Looking at the interplay of parameters, network attractiveness can be defined as the exponential function:
`sf "Network Attractiveness Ai" = Exp ( sf "amplification" xx sf "sensitivity" xx sf "amount of users" / sf "critical mass of users")`
The full explanation of network attractiveness can be found in my article:
Cloud Services: Network Attractiveness and the Secrets of Viral Growth
Becoming an ecosystem-member is less risky. The technology company can preselect successful platforms and exclude the risk of riding a dead horse. It will then be enough to provide a solution that stands out from its competitors in a field of application big enough to generate sustainable profits.
Player can be pure hardware providers, pure software providers or a supplier of an integrated hardware-software solution.
Eco-system driven, self-organizing emergent systems around two-sided markets
The complete interplay of platform (two-sided market), ecosystem of suppliers and users will create a self organizing and emergent system.
- self-organizing means it organizes over time, driven by customer demand and competitors' or partners' offerings
- emergent means the system will organize over scale.
Self-organization and emergence have an impact on the platform level, which we call meta-effect. Many users and providers will create patterns and clusters of offerings.
What SkyRadar can do for you
SkyRadar has been developing cloud-based radar applications for more than a decade. Cooperation and research with platform operators and security companies makes SkyRadar an experienced and trustworthy partner for the development of technical solutions and their business models around intelligent radars and lidars in the internet of things.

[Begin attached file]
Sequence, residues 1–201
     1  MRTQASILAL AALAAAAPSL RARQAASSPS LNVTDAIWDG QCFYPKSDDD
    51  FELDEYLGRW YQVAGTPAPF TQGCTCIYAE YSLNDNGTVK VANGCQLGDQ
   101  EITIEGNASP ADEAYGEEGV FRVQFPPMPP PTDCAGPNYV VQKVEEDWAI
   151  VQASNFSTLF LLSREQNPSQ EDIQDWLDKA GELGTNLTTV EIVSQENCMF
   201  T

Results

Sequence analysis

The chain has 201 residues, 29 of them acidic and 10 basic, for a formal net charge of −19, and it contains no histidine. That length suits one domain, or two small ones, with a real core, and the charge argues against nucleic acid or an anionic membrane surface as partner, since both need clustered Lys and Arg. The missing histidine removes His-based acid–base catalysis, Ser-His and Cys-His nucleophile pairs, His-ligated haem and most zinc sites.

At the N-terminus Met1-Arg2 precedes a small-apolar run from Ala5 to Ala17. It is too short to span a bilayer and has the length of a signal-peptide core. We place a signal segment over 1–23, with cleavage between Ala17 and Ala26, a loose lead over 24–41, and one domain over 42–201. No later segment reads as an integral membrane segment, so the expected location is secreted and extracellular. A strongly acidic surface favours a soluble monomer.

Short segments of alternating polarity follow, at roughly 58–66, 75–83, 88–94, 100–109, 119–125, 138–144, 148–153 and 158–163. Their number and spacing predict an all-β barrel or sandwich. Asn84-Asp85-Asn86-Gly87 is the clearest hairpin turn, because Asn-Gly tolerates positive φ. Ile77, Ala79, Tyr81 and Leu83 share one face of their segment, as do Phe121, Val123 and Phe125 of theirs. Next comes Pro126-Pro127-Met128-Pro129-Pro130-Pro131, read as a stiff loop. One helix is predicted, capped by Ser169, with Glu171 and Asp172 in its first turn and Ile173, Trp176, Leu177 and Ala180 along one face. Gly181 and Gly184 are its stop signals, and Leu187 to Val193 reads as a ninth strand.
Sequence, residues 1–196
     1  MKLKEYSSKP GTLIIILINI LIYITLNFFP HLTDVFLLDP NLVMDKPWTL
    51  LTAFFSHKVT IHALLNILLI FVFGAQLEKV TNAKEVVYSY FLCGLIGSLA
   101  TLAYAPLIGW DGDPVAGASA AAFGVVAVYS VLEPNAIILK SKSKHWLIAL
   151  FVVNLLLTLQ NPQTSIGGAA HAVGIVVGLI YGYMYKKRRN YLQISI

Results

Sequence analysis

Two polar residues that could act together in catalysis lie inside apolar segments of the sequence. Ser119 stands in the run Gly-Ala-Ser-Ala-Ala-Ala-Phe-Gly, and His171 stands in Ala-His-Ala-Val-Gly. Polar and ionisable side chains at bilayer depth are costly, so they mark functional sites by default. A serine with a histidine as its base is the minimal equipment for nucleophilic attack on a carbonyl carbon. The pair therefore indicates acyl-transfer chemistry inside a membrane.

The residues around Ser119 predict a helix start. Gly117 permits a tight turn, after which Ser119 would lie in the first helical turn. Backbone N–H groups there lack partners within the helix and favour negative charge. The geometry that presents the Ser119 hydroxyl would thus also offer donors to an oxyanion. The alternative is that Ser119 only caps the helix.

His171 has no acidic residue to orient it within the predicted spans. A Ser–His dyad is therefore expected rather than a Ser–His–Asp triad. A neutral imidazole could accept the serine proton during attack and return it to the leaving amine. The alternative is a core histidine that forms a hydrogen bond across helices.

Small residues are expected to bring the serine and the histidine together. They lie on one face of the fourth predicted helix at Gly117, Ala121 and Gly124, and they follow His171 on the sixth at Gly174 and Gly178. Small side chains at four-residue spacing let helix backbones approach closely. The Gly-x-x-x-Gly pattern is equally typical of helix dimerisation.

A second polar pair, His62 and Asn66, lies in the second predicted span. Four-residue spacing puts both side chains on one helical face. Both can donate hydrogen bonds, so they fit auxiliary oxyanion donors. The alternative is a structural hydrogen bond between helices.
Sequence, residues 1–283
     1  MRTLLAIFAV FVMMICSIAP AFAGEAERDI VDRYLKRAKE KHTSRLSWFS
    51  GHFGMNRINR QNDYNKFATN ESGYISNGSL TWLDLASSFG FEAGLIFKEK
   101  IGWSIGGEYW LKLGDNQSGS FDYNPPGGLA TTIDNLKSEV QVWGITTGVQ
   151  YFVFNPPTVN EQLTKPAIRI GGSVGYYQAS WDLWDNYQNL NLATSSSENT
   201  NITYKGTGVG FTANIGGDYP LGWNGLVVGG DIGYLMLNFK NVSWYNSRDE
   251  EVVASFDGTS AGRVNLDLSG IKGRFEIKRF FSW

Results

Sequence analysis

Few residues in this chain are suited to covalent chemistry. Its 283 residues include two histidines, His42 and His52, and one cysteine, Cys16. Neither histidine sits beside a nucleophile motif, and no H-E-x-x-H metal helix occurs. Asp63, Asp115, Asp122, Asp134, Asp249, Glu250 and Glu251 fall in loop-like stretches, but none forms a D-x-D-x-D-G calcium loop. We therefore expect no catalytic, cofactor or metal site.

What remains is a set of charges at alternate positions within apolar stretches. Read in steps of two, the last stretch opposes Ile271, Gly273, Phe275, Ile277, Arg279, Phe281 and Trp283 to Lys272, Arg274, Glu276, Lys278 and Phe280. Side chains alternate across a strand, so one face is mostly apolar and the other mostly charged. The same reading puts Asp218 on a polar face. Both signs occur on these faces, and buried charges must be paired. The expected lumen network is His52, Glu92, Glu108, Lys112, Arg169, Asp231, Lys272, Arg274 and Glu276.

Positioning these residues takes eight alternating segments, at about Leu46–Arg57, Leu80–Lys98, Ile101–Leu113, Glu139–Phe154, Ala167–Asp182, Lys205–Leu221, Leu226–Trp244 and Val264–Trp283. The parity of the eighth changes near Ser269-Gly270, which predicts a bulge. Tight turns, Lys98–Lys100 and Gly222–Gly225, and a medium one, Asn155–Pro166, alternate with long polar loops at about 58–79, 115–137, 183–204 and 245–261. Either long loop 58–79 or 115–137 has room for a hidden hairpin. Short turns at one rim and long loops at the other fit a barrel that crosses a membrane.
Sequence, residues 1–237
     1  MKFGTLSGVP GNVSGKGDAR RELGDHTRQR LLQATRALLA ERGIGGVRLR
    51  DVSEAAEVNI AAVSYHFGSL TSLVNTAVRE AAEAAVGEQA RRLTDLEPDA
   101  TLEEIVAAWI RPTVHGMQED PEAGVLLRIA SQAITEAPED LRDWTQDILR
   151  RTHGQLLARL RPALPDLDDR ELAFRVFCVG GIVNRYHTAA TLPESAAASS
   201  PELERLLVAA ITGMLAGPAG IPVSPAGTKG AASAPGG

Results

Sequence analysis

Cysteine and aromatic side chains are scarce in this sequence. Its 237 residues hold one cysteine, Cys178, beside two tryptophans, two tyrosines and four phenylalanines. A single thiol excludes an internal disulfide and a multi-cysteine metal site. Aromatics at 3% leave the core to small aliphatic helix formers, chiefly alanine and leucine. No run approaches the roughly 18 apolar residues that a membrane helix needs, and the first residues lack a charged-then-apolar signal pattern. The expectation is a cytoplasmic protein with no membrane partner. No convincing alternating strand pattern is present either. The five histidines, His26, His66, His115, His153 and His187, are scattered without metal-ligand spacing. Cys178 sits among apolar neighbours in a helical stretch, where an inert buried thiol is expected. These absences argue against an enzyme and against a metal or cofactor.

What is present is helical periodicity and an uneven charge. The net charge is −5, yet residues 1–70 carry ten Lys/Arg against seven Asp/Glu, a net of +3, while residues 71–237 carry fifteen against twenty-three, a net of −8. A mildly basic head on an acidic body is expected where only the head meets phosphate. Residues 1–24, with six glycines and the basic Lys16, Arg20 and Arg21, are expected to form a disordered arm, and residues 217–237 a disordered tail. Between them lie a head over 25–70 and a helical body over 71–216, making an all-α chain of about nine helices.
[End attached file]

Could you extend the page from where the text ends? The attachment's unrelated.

Contact us to discuss your project!
The author, Ulrich Scholten is cofounder of SkyRadar. He has been working on internet platforms since the early 2000s. Ulrich holds a PhD in information technology and owns several patents on cloud-based sensors. His research is regularly published in highly rated journals and conference papers. Dr. Scholten publishes on cloud computing, (radar-based) sensing and the IoT. From 2008 - 2014, he was associated research scientist at the Karlsruhe Service Research Institute (KSRI), a partnership by KIT and IBM, where he researched network effects around web-platforms together with SAP Research.
References and further reading
- Cloud Services: Network Attractiveness and the Secrets of Viral Growth (2017), by Ulrich Scholten
- Digital Industry Platforms (2021), by Tobias Pauli, Erwin Fielt and Martin Matzner
- A Taxonomy of Industrial IoT Platforms' Architectural Features (2021), by Laurin Arnold, Jan Jöhnk, Florian Vogt and Nils Urbach
- Manufacturing Digital Transformation and Innovation Primer for 2020 ( 2020)
by Ivar Berntz and Ellen Eichhorn at Gartner, Inc.
- Platform-based Innovation Management: Directing External Innovational Efforts in Platform Ecosystems (2011), by Simone Scholten & Ulrich Scholten
- Composite Solutions for Consumer-Driven Supply Chains (2010), by Simone Scholten, Ulrich Scholten and Robin Fischer. In: Bogaschewsky R., Eßig M., Lasch R., Stölzle W. (eds) Supply Management Research. Gabler